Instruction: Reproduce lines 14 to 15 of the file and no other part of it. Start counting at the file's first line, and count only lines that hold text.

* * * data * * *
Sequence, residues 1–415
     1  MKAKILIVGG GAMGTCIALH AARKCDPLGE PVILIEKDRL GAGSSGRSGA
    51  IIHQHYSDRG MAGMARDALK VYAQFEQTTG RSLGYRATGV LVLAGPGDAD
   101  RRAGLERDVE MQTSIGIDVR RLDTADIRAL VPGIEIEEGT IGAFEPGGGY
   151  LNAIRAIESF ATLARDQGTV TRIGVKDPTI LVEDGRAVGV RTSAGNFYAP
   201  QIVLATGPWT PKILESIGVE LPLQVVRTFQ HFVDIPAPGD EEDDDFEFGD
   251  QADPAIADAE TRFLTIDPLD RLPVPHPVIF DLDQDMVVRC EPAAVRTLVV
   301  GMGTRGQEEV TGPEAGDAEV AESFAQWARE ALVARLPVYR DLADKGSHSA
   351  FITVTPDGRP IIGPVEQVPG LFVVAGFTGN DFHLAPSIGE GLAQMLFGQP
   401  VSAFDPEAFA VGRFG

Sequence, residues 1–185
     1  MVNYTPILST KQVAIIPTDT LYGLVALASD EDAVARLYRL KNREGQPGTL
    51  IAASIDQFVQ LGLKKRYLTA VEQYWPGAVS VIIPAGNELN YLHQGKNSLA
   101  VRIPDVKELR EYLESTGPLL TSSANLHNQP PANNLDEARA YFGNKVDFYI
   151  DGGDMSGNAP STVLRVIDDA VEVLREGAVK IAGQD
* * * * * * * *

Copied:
   101  VRIPDVKELR EYLESTGPLL TSSANLHNQP PANNLDEARA YFGNKVDFYI
   151  DGGDMSGNAP STVLRVIDDA VEVLREGAVK IAGQD